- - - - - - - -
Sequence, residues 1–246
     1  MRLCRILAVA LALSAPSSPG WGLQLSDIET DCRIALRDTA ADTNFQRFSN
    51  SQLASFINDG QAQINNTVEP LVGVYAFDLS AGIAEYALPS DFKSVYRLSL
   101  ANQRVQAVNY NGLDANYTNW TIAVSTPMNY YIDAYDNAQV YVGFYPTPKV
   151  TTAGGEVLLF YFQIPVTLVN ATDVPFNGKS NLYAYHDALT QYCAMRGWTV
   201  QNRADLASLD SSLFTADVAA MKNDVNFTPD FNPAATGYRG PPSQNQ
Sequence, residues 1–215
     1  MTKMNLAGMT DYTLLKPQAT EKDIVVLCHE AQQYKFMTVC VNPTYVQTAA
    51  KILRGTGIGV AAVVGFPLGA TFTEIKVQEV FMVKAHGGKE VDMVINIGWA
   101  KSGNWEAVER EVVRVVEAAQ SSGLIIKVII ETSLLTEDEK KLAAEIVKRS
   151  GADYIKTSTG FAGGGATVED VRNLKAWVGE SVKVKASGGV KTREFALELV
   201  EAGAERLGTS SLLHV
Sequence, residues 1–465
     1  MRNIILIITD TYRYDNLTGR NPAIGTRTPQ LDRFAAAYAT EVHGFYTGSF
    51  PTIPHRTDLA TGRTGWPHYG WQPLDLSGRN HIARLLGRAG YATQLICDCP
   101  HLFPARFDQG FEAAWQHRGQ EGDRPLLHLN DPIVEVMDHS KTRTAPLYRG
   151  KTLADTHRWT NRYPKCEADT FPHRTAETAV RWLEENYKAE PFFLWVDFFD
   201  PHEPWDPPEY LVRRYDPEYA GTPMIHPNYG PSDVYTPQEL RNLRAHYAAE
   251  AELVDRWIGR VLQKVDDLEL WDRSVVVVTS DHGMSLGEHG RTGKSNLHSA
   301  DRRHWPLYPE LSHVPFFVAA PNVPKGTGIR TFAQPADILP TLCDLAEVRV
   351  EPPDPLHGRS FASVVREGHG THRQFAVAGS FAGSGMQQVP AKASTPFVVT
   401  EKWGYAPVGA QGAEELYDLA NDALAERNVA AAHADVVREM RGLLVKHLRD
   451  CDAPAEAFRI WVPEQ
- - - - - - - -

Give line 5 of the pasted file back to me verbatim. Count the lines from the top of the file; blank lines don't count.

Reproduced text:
   151  TTAGGEVLLF YFQIPVTLVN ATDVPFNGKS NLYAYHDALT QYCAMRGWTV